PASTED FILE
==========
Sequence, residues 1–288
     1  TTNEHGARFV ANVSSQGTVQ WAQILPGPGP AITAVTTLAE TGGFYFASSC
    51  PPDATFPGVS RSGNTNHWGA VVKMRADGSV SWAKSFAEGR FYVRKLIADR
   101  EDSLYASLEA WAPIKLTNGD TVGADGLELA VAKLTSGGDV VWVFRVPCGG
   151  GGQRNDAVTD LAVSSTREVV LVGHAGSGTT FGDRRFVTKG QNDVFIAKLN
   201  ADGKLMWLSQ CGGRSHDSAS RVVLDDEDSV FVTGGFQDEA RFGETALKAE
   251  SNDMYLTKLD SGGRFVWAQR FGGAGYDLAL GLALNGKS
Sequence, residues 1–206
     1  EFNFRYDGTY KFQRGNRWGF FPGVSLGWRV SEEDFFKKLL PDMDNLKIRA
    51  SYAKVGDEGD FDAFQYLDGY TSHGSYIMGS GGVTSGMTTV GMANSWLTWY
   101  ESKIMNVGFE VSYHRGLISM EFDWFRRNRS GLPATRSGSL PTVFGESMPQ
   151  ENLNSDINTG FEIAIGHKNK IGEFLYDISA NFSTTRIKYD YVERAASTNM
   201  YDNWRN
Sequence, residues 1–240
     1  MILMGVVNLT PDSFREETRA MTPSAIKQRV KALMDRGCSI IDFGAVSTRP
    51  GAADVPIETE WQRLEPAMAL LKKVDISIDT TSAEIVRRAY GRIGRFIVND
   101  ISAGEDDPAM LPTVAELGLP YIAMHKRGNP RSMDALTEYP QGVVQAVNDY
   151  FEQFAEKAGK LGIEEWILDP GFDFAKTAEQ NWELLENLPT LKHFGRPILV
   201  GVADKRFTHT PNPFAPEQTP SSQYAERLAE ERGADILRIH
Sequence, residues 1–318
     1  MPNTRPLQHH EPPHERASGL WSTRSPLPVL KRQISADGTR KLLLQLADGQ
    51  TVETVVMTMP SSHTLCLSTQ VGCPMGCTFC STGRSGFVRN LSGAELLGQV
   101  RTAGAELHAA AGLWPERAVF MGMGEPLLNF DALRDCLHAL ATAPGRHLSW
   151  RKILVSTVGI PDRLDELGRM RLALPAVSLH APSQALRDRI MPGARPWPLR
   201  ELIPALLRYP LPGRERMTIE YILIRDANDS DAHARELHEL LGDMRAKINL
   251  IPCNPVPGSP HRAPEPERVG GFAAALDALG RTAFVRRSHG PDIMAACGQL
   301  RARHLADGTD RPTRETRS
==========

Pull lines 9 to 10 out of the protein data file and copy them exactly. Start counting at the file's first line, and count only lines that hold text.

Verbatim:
     1  EFNFRYDGTY KFQRGNRWGF FPGVSLGWRV SEEDFFKKLL PDMDNLKIRA
    51  SYAKVGDEGD FDAFQYLDGY TSHGSYIMGS GGVTSGMTTV GMANSWLTWY